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Restorative Justice and Apology

Articles and other resources on the nature and meaning of apology in restorative justice.

Forgiving my daughter's killer
from Linda L. White's blog entry on washingtonpost.com: One of the two 15-year-old boys who killed my 26-year-old daughter Cathy was released from prison last month after serving 23 years of a 54-year sentence. Gary Brown was released from prison one week before the Supreme Court decided in Graham v. Florida to end the practice of sentencing juveniles to life without parole for crimes other than murder.
Police apologise over child murders probe
from the article on BBC News: Scotland's largest police force has apologised for a series of failures in its handling of a double child murder. Strathclyde Police said that it was "extremely sorry" for the way Giselle Ross was treated after the deaths of her sons, Paul, six, and Jay, two. The children were murdered by their father Ashok Kalyanjee at a beauty spot in the Campsie Fells in May 2008.
Crime victims get right to apology
from Bob Roberts' article in the Mirror: Criminals could be ordered to say sorry to victims in face-toface meetings as part of their sentence. Gordon Brown wants those who have had offences committed against them to be given the right to a personal apology. Criminals would also have to explain why they broke the law and offer some way of putting it right. The plans to shame them would be on top of any prison or community sentence handed out.
Africville apology is a start, not an end
from Mike Barber's entry on Internet Health Info: This week's apology by city of Halifax Mayor Peter Kelly, for the evictions and razing of the African-Canadian community of Africville in Nova Scotia during the 1960s, marks a small but significant moment in the history of slavery and racism in Canada. The official apology issued February 24, 2010, made on behalf of Halifax Regional Council and Halifax Regional Municipality (HRM), was accompanied by terms of the 2005 agreement reached between the municipality and the Africville Genealogy Society, which, along with a formal acknowledgment of loss, included: * $3 million (CAN) contributed towards the reconstruction of the Seaview United Baptist Church which will serve as a memorial to Africville; * 2.5 acres of land at Seaview Park to be provided to the Africville Heritage Trust Board; * a park maintenance agreement to be established between Africville Heritage Trust and HRM for the lands known as Seaview Park; * and, the establishment of an African-Nova Scotian Affairs function within HRM.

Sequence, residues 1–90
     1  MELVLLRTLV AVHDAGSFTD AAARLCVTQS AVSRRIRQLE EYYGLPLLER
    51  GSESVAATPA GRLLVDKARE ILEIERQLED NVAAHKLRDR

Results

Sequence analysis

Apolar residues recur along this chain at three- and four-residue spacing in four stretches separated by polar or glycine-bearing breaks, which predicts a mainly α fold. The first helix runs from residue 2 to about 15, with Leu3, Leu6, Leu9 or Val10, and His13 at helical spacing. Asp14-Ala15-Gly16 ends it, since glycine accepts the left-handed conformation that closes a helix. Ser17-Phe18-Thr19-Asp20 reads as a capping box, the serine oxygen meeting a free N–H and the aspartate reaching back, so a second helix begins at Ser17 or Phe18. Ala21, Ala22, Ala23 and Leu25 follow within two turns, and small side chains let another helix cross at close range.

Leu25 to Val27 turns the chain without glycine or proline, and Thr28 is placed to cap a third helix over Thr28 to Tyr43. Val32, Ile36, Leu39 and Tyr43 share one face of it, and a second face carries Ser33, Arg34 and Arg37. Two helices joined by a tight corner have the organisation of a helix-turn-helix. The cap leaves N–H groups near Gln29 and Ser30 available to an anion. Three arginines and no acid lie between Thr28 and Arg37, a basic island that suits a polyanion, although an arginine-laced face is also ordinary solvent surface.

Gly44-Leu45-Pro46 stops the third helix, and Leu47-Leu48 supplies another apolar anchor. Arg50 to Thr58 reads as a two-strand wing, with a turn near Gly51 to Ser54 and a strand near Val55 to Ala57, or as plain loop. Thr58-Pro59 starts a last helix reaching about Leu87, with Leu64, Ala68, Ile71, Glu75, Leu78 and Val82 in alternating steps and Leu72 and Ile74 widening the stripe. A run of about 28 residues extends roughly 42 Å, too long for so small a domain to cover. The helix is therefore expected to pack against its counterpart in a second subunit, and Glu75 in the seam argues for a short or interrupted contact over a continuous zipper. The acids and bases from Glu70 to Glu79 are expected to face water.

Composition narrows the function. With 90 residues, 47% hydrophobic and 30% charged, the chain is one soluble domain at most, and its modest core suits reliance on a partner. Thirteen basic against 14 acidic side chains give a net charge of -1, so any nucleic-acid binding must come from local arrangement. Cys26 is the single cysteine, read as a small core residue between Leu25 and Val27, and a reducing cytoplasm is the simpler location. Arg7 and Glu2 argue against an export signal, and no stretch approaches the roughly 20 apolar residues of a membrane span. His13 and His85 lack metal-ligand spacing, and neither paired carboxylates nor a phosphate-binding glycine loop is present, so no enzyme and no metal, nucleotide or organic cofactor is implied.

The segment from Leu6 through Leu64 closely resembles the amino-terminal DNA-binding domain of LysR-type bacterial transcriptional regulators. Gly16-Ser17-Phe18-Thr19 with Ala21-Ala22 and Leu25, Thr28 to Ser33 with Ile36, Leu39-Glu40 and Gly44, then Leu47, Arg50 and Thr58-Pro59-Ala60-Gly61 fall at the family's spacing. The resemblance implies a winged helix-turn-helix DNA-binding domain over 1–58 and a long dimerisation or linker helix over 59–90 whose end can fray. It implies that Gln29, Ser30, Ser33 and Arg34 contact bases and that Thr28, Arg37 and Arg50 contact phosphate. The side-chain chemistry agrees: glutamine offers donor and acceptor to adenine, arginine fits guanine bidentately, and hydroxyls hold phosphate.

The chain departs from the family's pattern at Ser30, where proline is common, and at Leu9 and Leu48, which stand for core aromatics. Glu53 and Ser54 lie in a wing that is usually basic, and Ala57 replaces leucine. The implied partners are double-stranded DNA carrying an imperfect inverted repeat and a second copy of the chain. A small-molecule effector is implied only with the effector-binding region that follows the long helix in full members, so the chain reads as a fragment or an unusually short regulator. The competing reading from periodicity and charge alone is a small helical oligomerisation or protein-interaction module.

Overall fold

Thief returns stolen penguin with apology
by Elisa Hahn on KING 5 News: Ten-year-old Alexis Hood read the letter of apology Wednesday while sitting next to her penguin that was stolen New Years Day. "Dear family, we are very sorry for the trouble we have caused for your family," she read.
wrongful convictions hurt crime victims
Thanks for posting this. Penny Beernstsen's story is amazing. I will provide more detail about her story. Wrongful convictions are real and in the U.S. [...]
Restorative justice from a survivor's perspective
by Penny Beerntsen Note: this article originally appeared as a comment responding to a posting by Lisa Rea. We were concerned that many readers may have missed it and so are posting it as its own entry. We are grateful to Penny Beerntsen for her willingness to share her extraordinary story. As a survivor of a violent crime, I am a firm believer in the power of restorative justice programs to transform both the victim and the offender. I learned about victim offender conferencing shortly after surviving a violent sexual assault and attempted murder. Although I was unable to meet with my offender, as he had not taken responsibility for his crime, I began participating in victim impact panels inside prisons. Although I was not speaking directly to my offender, I was telling my story to others who were incarcerated for violent crimes, including rape. Much of my healing took place inside maximum security prisons as a result of the dialogue I engaged in with these offenders. If someone had told me at the time of the crime that this would be the case, I would have told that individual they were crazy! I participated in these panels because I thought I had something to offer the offenders. I learned that the process, if properly conducted, is mutually beneficial.
Escobar's son seeks atonement for father's sins
from Juan Forero's report on NPR: Pablo Escobar, who led Colombia's Medellin cocaine cartel, was once the world's most wanted man. At the height of his power in the 1980s, he killed politicians and policemen and ordered an airliner blown out of the sky. With U.S. help, the Colombian police finally hunted him down. Sixteen years after Escobar's death, the families of his victims haven't forgotten about him. And neither has Escobar's only son [Sebastian Marroquin], whose story is told in a new documentary film that opens Dec. 10 in Colombia and then in January at the Sundance Film Festival. The son, who lives in Buenos Aires, Argentina, says that he wants to atone for the sins of his father.
Apology lite: Truths, doubts, and reconciliations in the Senate’s guarded apology for slavery